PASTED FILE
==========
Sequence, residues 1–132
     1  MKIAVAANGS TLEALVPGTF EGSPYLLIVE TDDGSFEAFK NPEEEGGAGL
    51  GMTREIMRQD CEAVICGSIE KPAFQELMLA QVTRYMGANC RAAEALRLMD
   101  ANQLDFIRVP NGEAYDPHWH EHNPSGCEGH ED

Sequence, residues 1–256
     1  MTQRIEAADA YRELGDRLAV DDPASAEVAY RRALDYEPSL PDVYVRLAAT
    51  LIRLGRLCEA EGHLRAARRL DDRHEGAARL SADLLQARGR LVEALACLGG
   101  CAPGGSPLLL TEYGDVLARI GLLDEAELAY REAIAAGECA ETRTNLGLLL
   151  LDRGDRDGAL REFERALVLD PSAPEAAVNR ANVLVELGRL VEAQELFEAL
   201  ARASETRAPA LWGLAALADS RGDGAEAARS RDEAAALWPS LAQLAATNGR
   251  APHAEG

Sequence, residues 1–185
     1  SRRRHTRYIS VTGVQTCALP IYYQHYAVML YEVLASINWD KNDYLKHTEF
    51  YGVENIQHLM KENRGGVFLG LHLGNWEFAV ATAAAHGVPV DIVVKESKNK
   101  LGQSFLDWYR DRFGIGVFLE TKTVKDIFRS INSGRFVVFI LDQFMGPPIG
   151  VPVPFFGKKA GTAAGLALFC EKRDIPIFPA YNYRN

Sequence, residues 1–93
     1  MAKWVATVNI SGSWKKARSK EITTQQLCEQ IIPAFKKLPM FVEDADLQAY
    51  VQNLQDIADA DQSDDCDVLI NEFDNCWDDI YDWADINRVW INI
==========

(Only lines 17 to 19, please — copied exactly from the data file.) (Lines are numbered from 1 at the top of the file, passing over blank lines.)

Sequence, residues 1–93
     1  MAKWVATVNI SGSWKKARSK EITTQQLCEQ IIPAFKKLPM FVEDADLQAY
    51  VQNLQDIADA DQSDDCDVLI NEFDNCWDDI YDWADINRVW INI